Lady Howard, so soon as she heard that Sir Richard was out of England, hastened down to Fitzford, where she found that her steward was dead and her mansion wrecked. When the country was somewhat more peaceful she brought down to it from London her furniture, books, and plate, and set to work to repair the damage that the house had sustained. Her son, George Howard, was with her and managed her affairs eventually, not at first, for if he were born in 1634 he would be still a child.

Sir Richard Grenville and his son Richard wandered about the Continent till 1647, when he formed the rash intention to return to London. What induced him to take this desperate step can only be conjectured. Perhaps he had money in London, which it was only possible to secure personally; possibly he may have desired to get possession of his daughter Elizabeth and take her abroad with him, rightly conjecturing that her mother had no affection, but the contrary, for a child of his. Indeed, it is probable that the tradition of Lady Howard's persistent hatred displayed towards one of her daughters pertains to this Elizabeth Grenville.

There must have been some very strong reason for Sir Richard's venturing to England, for he knew perfectly in what estimation he was held by the Puritans. He disguised himself, cutting his hair short and wearing "a very large periwigg hanging on his shoulders," and blackening his foxy-red beard with a lead comb, so that "none would know him but by his voyse."

How he fared in England we know not; he did secure his daughter and escaped with his life to Holland, but of his son we hear nothing more, and it is possible that he met his death while in England.

Lord Lansdowne, in his Vindication of his uncle, says, "His only son, unluckily falling afterwards into whose hands, was hanged."

In 1652 Sir Richard Grenville, being in the Low Countries, seized goods belonging to the Earl of Suffolk that were at Bruges, to the value of £27,000, as some abatement of the debt he considered was due to him out of Lady Howard's estate.

In 1655 that lady's son, George Howard, married Mistress Burnby, and by her had a son George who died young, and he had no more children, so that with this child died his grandmother's hopes of a descendant in the male line. If George Howard, the father, were born in 1634, he would have been one-and-twenty when he married.

Sir Richard Grenville died at Ghent about 1659, attended by his daughter Elizabeth, who shortly after married a privateer captain named Lennard, who cruised the Channel stopping and plundering English vessels, on the principle that all who did not fight for King Charles were his enemies and the enemies of his country. He was taken prisoner 8 February, 1659-60, and only escaped being hanged by the Restoration. He was set at liberty and given the post of captain of the Black Horse at Tilbury; but he did not long enjoy the post, as he died in 1665.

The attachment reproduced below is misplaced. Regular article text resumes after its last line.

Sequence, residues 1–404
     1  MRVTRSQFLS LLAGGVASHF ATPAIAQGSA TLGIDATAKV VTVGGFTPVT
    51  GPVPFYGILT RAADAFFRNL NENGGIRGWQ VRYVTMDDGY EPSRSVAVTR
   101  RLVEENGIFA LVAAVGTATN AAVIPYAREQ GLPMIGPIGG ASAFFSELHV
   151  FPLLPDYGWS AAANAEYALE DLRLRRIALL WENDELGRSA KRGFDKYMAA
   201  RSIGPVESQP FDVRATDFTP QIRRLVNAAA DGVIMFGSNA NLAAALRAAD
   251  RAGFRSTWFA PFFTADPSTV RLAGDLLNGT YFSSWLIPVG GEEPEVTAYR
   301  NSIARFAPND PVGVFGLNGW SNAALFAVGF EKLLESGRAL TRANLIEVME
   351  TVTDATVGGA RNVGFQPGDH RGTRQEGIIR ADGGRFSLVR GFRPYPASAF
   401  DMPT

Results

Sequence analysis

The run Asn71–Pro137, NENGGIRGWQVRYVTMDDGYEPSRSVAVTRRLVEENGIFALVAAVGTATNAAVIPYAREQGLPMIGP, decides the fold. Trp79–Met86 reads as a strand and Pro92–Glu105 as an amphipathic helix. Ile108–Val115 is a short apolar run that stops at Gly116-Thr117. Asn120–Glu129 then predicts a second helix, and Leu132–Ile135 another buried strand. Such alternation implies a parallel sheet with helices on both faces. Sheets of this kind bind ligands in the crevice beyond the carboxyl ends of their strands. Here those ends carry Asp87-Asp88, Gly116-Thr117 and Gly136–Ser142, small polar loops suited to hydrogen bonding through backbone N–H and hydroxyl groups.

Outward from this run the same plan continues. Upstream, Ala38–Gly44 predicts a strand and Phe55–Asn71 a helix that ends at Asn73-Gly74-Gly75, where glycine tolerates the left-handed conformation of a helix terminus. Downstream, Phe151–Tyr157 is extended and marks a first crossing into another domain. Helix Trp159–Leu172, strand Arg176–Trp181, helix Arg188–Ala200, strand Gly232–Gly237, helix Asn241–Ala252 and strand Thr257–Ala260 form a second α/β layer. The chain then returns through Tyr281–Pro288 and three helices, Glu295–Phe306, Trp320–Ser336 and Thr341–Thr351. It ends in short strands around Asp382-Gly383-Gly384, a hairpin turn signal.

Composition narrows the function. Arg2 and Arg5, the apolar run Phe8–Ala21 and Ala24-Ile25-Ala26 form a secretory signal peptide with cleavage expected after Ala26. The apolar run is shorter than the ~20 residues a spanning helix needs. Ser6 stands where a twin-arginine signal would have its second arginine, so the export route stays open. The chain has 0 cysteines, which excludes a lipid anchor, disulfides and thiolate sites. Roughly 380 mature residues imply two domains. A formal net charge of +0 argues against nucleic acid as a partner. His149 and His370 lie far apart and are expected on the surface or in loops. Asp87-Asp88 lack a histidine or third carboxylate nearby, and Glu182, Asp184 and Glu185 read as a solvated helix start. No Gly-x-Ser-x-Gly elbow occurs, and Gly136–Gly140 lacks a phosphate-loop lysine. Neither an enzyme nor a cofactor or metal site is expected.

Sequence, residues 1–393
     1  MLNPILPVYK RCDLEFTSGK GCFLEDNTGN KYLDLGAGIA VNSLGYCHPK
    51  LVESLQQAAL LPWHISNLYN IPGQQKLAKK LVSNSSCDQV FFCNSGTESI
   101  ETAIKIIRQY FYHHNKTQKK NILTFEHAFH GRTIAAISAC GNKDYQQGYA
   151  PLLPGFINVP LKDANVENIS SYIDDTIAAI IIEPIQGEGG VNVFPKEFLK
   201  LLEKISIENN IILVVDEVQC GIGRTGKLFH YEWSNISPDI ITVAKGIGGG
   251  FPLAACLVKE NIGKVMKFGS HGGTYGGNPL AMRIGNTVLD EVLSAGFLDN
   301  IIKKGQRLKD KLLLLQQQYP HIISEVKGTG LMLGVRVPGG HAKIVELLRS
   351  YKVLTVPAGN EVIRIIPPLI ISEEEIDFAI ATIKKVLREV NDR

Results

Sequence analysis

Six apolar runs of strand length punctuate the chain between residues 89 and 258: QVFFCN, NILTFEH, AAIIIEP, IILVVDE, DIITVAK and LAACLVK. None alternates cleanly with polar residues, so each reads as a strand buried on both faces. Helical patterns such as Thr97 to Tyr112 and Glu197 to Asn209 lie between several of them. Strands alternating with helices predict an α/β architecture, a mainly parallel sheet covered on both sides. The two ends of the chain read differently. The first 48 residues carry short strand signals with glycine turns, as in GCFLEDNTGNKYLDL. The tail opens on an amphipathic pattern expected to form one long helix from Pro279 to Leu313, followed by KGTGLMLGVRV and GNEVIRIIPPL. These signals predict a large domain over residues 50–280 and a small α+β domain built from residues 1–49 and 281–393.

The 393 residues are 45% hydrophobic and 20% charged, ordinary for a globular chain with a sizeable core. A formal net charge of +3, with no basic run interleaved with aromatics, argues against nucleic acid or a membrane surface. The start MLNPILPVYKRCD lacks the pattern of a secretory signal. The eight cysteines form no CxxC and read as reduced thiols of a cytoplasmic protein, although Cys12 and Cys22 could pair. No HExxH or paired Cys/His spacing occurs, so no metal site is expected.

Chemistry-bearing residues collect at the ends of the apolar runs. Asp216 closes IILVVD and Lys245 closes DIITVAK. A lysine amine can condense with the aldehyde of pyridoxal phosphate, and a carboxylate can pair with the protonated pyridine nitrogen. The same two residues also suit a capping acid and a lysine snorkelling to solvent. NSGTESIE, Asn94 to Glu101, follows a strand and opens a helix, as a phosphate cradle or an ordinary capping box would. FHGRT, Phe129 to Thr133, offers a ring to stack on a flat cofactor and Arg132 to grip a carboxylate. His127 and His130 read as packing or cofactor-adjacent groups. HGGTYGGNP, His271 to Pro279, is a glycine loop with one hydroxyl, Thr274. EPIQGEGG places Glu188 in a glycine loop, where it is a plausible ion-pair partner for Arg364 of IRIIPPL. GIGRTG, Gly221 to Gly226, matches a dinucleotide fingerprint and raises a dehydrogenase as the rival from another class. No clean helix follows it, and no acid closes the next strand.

Something must now be said about this daughter, Elizabeth Grenville, concerning whom tradition has a good deal to say, but it is unsupported by documentary evidence.

The story is that Lady Howard hated the child with a deadly hate as the offspring of the plague of her life, Sir Richard Grenville. As she was unkind to it, a lady carried it away, and without the knowledge of the mother brought it up as her own. In after years this lady introduced Elizabeth to her mother under a fictitious name, and Lady Howard became quite attached to her. Seeing this, the lady revealed to her who the young girl was. At this Lady Howard started to her feet, her eyes flaming with rage, and drove Elizabeth from her presence.

A few years passed, and this Elizabeth Grenville made another attempt to see and soften her mother. She went to her at Walreddon, but when Lady Howard saw her she rushed from the room up the stairs pursued by her daughter, who implored her to stay and hear and love her. Elizabeth clung to her mother's dress on the landing, as Lady Howard passed into one of the upper rooms. The unnatural mother swung back the door with such violence that it broke her daughter's arm. If this took place at all it was probably before Elizabeth departed for the Continent with her father, when she was aged sixteen. She never after met her mother.

Lady Howard was getting on in life; her son George lived with her at Fitzford and managed her property. Feeling old age creeping on, she by deed made over all her estates to him, in the hopes that when she was gone he would live on in her ancestral home. But in the prime of life George Howard died on 17 September, 1671. To his mother the shock was so great that she did not recover from it, and she also died, just one month after him. Hearing that she was ill, her first cousin, Sir William Courtenay, hurried to her bedside, and gained such power over Lady Howard as to induce her to make a will leaving all her possessions to him, to the exclusion of her daughters. Mary Howard, married to one Vernon, was to be given £500 within four years after her decease, and £1000 to her daughter Elizabeth, married to Captain Lennard, to be paid within two years, and £20 within one year; but should she protest against the will, then what she was to receive would be reduced to £20. The will was signed on 14 October, 1671, and she died on the seventeenth of the same month. "This is the one action of Lady Howard's life," says Mrs. Radford, "that seems to have shocked her contemporaries. They have not a word to say against her moral character; but she disinherited her children. Could anything be more dreadful?"